I'm equally mysified by Yods.
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Re: Irritating expressions or worse

Post by Edwin F Ashworth » Fri Feb 24, 2012 12:20 am

See, for instance, http://dialectblog.com/2011/09/06/yod-dropping/

Oh, and I only capitalised it because I was using crots.
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Re: Irritating expressions or worse

Post by trolley » Fri Feb 24, 2012 4:14 am

I've added that site to my favorites list. Thanks for the link, Edwin. I chewed up two hours in the blink of an eye.
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Re: Irritating expressions or worse

Post by Erik_Kowal » Fri Feb 24, 2012 10:48 am

The most notable British yod-dropper I can think of was the multi-millionaire turkey farmer from Norfolk, Bernard Matthews, who famously featured in a TV spot in which he displayed a roast turkey to the camera while he lovingly pronounced the word "Bootiful!" for the benefit of his audience of salivating homebodies.

Mind you, I bet "Bootiful!" is not what he would have uttered had he returned home from a last-minute Christmas shopping trip and discovered that while he was away, the pirate light of the stove in which his Christmas dinner was supposed to be browning had also gone out.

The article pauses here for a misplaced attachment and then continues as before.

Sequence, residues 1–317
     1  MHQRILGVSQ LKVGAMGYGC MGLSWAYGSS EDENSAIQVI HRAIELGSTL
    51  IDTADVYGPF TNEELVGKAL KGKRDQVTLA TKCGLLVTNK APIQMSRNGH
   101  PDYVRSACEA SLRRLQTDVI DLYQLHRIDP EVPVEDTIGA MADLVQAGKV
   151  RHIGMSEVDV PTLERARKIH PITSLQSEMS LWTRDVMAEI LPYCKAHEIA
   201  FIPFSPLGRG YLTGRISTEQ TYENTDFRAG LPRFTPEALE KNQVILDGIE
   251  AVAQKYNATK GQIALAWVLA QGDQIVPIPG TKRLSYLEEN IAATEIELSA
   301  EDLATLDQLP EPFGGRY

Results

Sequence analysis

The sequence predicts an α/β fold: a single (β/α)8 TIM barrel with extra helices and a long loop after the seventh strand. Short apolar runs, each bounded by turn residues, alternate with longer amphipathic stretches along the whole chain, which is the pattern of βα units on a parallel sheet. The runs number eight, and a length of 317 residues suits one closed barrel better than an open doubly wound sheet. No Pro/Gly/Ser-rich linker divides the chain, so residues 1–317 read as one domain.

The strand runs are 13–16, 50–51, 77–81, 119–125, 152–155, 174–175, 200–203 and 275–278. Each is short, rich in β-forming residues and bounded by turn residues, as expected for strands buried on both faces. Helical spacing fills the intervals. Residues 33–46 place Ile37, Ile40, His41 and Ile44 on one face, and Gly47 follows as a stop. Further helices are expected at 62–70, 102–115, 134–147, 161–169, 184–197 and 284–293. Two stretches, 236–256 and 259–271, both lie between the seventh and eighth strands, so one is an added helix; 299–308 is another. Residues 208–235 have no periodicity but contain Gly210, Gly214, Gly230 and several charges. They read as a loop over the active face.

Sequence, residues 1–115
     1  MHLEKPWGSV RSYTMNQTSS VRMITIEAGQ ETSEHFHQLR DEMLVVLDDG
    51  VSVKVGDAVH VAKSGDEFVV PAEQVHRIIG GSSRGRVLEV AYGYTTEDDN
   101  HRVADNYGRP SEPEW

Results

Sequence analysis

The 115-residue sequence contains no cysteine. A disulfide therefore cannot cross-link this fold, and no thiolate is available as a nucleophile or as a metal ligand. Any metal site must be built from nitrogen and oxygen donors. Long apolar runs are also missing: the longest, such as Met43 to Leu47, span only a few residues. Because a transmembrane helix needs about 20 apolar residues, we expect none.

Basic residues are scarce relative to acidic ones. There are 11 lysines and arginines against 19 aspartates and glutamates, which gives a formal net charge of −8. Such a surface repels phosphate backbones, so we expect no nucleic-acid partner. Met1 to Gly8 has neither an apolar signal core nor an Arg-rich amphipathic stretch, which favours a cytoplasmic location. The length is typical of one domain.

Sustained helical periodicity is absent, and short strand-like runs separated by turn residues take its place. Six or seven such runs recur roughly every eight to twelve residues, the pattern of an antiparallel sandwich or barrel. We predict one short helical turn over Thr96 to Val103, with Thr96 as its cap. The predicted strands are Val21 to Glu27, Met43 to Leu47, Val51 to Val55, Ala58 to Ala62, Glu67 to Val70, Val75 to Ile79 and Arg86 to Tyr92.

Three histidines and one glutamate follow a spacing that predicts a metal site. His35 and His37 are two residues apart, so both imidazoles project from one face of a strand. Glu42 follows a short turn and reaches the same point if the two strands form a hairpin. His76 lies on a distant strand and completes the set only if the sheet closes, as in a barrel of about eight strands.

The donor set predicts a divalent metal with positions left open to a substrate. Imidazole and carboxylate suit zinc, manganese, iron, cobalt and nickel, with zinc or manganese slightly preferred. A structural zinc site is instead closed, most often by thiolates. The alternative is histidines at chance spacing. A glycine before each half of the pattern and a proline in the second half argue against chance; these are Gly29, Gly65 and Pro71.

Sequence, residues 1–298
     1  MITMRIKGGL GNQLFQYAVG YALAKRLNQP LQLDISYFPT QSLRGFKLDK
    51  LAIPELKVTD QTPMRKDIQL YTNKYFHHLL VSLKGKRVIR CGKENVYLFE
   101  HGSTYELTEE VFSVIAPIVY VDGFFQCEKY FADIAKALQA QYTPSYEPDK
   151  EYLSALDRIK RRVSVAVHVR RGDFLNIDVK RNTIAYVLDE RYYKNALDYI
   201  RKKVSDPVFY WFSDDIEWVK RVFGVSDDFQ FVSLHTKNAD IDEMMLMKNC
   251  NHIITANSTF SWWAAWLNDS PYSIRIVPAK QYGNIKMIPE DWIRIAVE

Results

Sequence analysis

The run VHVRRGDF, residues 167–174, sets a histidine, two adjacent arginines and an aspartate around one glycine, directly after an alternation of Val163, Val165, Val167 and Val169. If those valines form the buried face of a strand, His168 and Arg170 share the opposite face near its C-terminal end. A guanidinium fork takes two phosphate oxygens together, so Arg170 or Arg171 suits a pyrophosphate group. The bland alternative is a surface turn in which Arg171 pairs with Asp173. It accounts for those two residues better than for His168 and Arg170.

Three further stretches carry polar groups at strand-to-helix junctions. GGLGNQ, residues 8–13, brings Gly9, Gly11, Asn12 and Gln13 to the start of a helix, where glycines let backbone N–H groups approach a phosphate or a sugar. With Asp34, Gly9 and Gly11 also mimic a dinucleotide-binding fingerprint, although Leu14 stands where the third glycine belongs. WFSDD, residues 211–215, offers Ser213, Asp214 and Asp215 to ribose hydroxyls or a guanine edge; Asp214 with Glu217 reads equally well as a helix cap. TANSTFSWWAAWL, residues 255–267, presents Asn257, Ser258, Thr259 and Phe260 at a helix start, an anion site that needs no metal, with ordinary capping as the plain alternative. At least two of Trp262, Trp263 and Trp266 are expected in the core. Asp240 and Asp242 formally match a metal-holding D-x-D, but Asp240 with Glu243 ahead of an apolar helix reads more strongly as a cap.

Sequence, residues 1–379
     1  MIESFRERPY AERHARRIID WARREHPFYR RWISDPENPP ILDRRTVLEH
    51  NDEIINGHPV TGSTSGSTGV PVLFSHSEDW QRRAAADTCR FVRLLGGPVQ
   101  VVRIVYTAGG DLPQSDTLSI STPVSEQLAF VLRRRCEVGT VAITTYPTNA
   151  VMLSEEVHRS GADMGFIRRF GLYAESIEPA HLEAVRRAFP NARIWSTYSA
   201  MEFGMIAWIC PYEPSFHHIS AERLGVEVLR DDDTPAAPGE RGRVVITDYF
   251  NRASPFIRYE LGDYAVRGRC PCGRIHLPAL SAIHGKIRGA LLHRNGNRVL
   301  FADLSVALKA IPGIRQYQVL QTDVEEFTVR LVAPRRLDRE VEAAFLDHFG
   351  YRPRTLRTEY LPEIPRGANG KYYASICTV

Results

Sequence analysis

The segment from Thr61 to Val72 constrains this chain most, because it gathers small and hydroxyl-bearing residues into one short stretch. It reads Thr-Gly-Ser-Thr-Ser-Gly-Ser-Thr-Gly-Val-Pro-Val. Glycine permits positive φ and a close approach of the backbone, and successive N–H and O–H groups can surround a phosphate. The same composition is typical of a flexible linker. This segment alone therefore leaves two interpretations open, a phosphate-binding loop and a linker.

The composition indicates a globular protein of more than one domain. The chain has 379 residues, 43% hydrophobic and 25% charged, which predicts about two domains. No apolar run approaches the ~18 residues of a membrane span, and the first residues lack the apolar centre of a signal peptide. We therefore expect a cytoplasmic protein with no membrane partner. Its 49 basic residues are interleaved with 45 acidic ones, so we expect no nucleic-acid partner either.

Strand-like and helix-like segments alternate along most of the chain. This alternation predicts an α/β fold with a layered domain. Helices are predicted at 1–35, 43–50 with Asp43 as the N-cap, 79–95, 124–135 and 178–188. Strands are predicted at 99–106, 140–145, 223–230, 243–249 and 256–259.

"Aaargh!"
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Re: Irritating expressions or worse

Post by Garanhir » Fri Feb 24, 2012 11:09 pm

Pirate light !? As a user of a solid-fuel stove I'm less familiar than some with the technicalities of gas ovens, but I'm sure that little flame is a pilot-light. I am trying to imagine a use for the more attractively named pirate-light.
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Re: Irritating expressions or worse

Post by Edwin F Ashworth » Sat Feb 25, 2012 12:38 am

Invented, of course, by Barbie Rossa for use on the Spanish mains.
But then booty is in the hold of the ... er
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Re: Irritating expressions or worse

Post by trolley » Sat Feb 25, 2012 3:13 am

I think they are called pirate rights in Japan.
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Re: Irritating expressions or worse

Post by Erik_Kowal » Tue Feb 28, 2012 7:28 am

One phrase I've frequently been hearing from journalists and politicians lately is 'on the wrong side of history', as in "Does the regime really want to be on the wrong side of history?"

Underneath the righteous veneer the phrase is merely a pompous way of saying 'doing the wrong thing [which often means simply 'whatever it is I happen not to agree with'] and getting condemned for it'.

I don't know where it originally came from, but the usage seems to have proliferated during the past year or two.
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Re: Irritating expressions or worse

Post by Edwin F Ashworth » Tue Feb 28, 2012 9:20 am

...said Erik, exploding the myth that history is a minefield.

Though history teaches us that you can't fight history.